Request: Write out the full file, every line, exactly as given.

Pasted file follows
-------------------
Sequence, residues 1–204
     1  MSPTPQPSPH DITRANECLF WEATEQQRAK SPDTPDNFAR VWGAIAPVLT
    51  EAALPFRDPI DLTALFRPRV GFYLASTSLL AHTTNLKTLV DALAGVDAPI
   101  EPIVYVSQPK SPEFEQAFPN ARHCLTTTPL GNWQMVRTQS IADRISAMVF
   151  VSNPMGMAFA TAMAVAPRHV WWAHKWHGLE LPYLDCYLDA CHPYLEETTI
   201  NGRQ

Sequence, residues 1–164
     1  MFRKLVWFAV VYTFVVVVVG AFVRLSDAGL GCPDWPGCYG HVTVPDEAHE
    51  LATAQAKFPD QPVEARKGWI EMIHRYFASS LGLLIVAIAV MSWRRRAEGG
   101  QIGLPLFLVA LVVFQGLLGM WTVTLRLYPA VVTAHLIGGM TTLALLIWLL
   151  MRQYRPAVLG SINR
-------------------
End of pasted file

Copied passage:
Sequence, residues 1–204
     1  MSPTPQPSPH DITRANECLF WEATEQQRAK SPDTPDNFAR VWGAIAPVLT
    51  EAALPFRDPI DLTALFRPRV GFYLASTSLL AHTTNLKTLV DALAGVDAPI
   101  EPIVYVSQPK SPEFEQAFPN ARHCLTTTPL GNWQMVRTQS IADRISAMVF
   151  VSNPMGMAFA TAMAVAPRHV WWAHKWHGLE LPYLDCYLDA CHPYLEETTI
   201  NGRQ

Sequence, residues 1–164
     1  MFRKLVWFAV VYTFVVVVVG AFVRLSDAGL GCPDWPGCYG HVTVPDEAHE
    51  LATAQAKFPD QPVEARKGWI EMIHRYFASS LGLLIVAIAV MSWRRRAEGG
   101  QIGLPLFLVA LVVFQGLLGM WTVTLRLYPA VVTAHLIGGM TTLALLIWLL
   151  MRQYRPAVLG SINR